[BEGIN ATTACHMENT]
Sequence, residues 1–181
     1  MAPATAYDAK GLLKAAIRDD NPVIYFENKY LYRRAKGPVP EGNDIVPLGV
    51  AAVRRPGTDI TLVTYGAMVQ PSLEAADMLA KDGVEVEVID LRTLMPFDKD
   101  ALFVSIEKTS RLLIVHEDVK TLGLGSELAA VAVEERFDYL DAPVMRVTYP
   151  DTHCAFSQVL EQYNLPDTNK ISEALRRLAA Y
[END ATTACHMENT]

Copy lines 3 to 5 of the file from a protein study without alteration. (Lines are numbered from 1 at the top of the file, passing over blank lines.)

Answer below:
    51  AAVRRPGTDI TLVTYGAMVQ PSLEAADMLA KDGVEVEVID LRTLMPFDKD
   101  ALFVSIEKTS RLLIVHEDVK TLGLGSELAA VAVEERFDYL DAPVMRVTYP
   151  DTHCAFSQVL EQYNLPDTNK ISEALRRLAA Y